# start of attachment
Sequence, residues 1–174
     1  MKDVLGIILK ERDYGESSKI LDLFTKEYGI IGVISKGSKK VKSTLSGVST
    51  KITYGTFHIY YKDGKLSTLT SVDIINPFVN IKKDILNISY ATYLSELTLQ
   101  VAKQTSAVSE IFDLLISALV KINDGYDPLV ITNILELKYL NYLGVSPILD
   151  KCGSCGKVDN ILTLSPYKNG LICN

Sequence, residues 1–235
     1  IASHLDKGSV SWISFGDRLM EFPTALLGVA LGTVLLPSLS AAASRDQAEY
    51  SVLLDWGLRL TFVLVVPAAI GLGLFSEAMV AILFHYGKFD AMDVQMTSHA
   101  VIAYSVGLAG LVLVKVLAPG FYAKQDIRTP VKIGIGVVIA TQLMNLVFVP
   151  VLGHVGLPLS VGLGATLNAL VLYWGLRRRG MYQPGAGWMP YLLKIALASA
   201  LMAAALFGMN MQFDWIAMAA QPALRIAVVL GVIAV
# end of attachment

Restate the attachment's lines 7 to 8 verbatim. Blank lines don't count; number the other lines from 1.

     1  IASHLDKGSV SWISFGDRLM EFPTALLGVA LGTVLLPSLS AAASRDQAEY
    51  SVLLDWGLRL TFVLVVPAAI GLGLFSEAMV AILFHYGKFD AMDVQMTSHA